FALL ON SNOW, UNABLE TO SELF-ARREST, INADEQUATE PROTECTION, EXCEEDING ABILITIES
Colorado, Rocky Mountain National Park, Long's Peak
On September 19, at 0930, Mike Riter (23) and partner Simeon Bateman (24) were ascending Lamb’s Slide on the east face of Long’s Peak with intentions of doing the Kiener’s Route to the summit. Both men were wearing crampons and using single mountaineering axes. They were roped together and were “simul-climbing” but without intermediate protection. Bateman, about one third of the way up Lamb’s Slide and in the lead, slipped on the hard-packed icy snow and failed to self-arrest. Bateman slid past Riter and pulled Riter with him. Riter was dragged for 100 feet or more and was then able to self-arrest. Bateman slid nearly 300 feet and was stopped by Riter’s self-arrest only 50 feet above the rocks at the edge of Mills Glacier. Bateman sustained a deep puncture wound to his right calf from being impaled by his own Black Diamond scissors style crampons. Riter injured both elbows and his right ankle.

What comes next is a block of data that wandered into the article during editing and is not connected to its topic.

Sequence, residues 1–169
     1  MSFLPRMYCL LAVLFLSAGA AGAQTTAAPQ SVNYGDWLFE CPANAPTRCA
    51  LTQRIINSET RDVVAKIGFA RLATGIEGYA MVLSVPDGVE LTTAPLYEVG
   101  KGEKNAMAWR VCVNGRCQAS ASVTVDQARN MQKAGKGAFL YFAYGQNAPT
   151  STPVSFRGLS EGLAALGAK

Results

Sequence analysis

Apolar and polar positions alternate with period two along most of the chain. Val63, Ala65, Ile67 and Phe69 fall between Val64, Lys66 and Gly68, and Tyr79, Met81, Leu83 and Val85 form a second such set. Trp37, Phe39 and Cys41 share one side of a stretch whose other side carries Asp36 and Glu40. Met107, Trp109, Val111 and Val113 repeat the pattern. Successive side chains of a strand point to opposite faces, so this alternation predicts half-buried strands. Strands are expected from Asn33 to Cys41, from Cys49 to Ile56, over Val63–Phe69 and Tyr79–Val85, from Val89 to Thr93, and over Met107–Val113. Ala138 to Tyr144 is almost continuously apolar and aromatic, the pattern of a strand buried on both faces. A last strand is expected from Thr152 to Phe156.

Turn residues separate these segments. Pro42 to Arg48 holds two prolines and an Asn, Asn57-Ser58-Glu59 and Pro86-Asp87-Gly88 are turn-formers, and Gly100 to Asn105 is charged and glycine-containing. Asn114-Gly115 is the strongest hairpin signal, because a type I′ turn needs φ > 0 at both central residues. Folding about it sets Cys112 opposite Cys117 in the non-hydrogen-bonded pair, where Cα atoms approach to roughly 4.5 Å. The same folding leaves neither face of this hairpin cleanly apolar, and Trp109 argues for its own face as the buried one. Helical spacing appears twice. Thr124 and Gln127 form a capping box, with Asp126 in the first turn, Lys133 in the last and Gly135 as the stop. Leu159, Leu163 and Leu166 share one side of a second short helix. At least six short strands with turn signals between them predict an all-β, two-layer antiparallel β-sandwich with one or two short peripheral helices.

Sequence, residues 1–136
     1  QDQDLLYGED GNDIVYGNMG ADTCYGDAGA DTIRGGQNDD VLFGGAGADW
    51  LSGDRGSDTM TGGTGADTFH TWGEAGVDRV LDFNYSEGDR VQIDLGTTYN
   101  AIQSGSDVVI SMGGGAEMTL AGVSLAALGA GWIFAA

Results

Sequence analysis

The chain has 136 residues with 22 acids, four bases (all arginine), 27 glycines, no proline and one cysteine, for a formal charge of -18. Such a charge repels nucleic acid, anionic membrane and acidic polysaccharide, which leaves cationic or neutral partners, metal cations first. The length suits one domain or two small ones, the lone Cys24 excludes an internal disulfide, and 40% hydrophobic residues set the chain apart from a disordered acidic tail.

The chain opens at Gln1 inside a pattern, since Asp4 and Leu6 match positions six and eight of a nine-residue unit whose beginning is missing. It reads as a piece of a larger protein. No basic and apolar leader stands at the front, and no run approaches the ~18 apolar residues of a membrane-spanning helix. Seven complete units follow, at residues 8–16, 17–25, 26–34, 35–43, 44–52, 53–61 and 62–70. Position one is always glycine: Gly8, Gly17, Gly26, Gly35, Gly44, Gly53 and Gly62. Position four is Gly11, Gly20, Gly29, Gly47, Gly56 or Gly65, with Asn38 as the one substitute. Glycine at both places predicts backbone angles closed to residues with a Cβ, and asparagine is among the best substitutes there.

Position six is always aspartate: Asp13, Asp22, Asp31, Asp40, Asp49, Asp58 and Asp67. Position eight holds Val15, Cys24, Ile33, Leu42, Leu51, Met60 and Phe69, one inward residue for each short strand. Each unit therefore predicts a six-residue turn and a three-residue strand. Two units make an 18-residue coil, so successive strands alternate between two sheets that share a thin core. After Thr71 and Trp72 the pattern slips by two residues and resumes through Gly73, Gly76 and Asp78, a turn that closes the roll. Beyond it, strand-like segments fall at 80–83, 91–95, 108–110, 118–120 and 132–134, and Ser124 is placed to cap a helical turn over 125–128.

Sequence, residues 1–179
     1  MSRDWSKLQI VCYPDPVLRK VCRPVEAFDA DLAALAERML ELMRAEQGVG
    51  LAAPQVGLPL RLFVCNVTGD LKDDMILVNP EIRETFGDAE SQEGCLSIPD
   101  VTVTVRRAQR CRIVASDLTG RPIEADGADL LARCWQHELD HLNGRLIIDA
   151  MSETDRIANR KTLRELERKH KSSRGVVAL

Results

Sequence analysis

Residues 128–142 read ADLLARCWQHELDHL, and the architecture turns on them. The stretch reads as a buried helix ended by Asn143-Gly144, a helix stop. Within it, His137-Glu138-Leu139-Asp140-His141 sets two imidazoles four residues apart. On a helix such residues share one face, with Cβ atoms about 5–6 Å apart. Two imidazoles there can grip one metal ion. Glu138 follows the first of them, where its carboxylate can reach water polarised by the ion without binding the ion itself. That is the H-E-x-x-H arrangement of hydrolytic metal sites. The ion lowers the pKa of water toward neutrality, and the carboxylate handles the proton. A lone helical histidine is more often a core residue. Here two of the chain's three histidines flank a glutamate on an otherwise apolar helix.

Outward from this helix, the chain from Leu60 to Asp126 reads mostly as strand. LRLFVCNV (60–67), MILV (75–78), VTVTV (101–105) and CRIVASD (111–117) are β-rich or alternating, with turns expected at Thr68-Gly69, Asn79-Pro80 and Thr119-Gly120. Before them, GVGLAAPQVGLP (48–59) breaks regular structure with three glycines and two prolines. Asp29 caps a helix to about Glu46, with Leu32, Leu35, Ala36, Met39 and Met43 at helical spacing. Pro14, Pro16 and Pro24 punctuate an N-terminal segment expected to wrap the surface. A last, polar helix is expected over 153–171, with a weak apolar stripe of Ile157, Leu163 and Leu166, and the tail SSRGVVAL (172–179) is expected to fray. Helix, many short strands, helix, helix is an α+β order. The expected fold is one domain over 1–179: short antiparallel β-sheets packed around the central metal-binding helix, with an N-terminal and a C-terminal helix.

Bateman and Riter were both professional outdoor equipment salesmen, who had about five years’ climbing experience on rock. However, both were relatively inexperienced at snow and ice climbing. Bateman and Riter had climbed Kiener’s Route during Summer 1997, but snow conditions were friendlier at that time. An alternative strategy to climb Lamb’s Slide when either conditions or inexperience make self-arrest ineffective is to climb next to the rock wall on the right, either belaying protected pitches or “simul-climbing.” “Simul- climbing” is only truly executed when there are at least two or three points of protection at all times on the rope between the climbers. Lamb’s Slide has been the scene of various disasters, reenactments of Rev. Elkanah Lamb’s 1871 slide of about 1,000 feet. (Source: Jim Detterline, RMNP Ranger)